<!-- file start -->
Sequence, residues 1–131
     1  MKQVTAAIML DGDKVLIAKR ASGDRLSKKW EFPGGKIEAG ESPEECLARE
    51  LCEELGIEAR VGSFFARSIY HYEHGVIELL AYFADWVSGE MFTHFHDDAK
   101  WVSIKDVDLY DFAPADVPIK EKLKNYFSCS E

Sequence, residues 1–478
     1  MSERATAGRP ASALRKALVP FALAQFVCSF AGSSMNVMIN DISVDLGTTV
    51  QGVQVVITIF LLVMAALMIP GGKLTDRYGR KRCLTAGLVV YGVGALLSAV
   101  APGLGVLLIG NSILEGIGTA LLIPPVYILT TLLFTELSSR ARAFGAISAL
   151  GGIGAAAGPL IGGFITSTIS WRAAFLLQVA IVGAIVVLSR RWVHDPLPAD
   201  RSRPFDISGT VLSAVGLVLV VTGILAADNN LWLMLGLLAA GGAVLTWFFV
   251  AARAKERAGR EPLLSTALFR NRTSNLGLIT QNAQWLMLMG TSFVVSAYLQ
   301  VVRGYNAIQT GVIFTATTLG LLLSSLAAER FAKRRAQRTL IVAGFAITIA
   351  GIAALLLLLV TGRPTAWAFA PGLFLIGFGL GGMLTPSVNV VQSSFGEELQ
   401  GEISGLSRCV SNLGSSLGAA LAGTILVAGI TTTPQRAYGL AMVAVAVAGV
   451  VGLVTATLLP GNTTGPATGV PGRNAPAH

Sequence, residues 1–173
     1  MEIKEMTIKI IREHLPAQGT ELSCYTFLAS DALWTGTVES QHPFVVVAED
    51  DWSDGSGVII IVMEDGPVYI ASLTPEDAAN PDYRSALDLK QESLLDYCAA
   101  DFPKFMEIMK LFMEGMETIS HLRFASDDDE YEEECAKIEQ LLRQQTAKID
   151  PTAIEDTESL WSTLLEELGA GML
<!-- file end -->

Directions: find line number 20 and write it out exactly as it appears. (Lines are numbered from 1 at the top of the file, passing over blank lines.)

   151  PTAIEDTESL WSTLLEELGA GML